A practical approach combines enterprise architecture activities with solutions and technical architecture activities for an integrated result.
No matter what the title is called, a solutions architect’s role is to keep the business up to date across the internet of things (IoT) space and ensure that its IT solutions are secure, scalable, and cost-effective, given the business’s long-term goals.
This role covers a bespoke range of responsibilities unique to a business’s technological needs, size, industry, and budget. In a nutshell, a solutions architect is responsible for:
- Analyzing organizational needs and creating comprehensive IT solutions.
- Designing and developing architectures for new implementations, upgrades, and integrations.
- Developing solution designs, deployment plans, and implementation processes.
- Providing technical advice to other teams and leading them in solution implementation.
- Overseeing testing and fixing errors, creating documentation, and ensuring compliance with relevant industry standards.
Essentially, a solutions architect’s job is to be a multi-tasker and a problem-solver who knows how to apply technology solutions to business objectives.
Why Consider A Career As A Solutions Architect?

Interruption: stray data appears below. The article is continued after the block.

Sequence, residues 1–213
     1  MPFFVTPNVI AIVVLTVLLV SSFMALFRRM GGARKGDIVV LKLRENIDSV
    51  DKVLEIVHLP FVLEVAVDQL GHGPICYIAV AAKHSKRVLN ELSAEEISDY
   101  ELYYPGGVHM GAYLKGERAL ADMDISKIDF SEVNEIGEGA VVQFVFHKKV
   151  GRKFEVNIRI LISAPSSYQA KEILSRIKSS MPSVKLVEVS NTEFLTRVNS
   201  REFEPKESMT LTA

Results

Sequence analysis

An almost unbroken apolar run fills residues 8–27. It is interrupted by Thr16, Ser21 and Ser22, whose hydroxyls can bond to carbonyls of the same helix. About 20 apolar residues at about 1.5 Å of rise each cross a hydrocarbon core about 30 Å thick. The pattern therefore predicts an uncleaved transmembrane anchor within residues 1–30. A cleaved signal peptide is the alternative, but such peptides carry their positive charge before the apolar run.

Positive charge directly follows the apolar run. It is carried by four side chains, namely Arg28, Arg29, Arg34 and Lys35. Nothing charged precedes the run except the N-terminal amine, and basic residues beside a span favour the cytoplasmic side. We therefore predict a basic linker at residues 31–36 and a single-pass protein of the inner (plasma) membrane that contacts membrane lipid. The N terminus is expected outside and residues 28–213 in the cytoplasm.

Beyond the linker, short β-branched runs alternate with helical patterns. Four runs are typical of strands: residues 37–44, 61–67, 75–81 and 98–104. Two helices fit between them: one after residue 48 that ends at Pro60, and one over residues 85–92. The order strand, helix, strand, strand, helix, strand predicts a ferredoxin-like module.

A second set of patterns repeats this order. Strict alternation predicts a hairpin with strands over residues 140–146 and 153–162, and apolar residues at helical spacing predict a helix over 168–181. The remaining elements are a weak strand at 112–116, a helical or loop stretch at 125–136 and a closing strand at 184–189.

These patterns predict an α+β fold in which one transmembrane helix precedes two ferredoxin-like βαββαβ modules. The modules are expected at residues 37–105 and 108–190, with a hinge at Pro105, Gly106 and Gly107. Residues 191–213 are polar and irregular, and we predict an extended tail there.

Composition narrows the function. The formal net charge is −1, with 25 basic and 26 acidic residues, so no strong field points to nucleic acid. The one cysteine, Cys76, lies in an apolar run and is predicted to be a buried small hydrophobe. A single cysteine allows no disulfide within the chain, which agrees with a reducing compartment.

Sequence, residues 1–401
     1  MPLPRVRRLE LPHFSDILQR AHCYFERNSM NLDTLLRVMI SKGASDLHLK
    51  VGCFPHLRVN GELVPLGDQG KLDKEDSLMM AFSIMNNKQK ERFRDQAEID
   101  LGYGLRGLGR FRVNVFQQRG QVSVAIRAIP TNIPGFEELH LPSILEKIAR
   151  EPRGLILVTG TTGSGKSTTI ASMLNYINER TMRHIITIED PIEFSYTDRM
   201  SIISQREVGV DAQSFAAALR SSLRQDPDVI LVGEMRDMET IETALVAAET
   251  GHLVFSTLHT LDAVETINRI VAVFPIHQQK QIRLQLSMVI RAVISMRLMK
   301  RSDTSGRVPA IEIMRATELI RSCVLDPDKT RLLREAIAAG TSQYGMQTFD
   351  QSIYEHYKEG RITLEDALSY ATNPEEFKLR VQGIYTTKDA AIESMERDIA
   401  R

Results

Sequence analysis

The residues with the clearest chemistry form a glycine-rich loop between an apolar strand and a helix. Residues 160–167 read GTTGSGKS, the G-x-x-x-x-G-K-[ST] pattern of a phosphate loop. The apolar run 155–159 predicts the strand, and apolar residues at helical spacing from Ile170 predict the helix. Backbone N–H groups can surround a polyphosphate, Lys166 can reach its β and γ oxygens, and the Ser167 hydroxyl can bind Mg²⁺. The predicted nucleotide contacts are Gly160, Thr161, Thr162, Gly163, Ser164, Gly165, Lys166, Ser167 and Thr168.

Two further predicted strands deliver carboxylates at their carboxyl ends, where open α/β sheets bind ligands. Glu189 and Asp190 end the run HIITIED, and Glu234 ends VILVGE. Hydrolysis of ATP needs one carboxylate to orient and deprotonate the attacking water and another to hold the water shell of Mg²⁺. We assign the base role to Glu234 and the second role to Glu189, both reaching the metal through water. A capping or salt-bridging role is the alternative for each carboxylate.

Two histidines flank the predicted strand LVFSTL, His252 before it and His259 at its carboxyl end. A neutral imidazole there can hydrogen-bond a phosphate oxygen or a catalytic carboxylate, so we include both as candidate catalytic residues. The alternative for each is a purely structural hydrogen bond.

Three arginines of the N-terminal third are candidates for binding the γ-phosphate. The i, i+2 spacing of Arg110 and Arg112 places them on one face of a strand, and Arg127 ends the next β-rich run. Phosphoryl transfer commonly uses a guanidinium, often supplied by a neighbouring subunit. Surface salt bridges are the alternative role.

Becoming a solutions architect is a promising career path based on the following reasons:
- This role is a great way to explore different aspects of software engineering (product management, Cloud infrastructure, software programming, etc.) and become an effective generalist.
- You don’t need a degree in engineering to break into Solutions Architecture. So far as there’s a foundational knowledge of coding and an interest in the field, you can develop your skills for this role and start building work experience within six months – 1 year. This also depends on your learning capacity and access to paid resources.
- This field is in constant demand in a technology-led world. Organizations will always look for professionals to help them develop, scale, and optimize their software.
- Solutions architects earn well. We ran the numbers on Glassdoor, and the average Solutions Architect in America with 1-3 years of experience can earn up to $150,000 yearly. That’s a mid to senior-level annual pay range.